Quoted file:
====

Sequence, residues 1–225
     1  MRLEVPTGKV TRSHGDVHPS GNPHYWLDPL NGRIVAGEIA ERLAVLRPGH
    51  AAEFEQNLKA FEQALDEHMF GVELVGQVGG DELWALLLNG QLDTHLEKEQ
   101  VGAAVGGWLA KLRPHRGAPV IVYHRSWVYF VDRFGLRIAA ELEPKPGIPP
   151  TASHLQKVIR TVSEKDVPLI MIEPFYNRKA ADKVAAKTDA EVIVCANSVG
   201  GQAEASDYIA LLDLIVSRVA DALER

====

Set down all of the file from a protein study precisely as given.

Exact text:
Sequence, residues 1–225
     1  MRLEVPTGKV TRSHGDVHPS GNPHYWLDPL NGRIVAGEIA ERLAVLRPGH
    51  AAEFEQNLKA FEQALDEHMF GVELVGQVGG DELWALLLNG QLDTHLEKEQ
   101  VGAAVGGWLA KLRPHRGAPV IVYHRSWVYF VDRFGLRIAA ELEPKPGIPP
   151  TASHLQKVIR TVSEKDVPLI MIEPFYNRKA ADKVAAKTDA EVIVCANSVG
   201  GQAEASDYIA LLDLIVSRVA DALER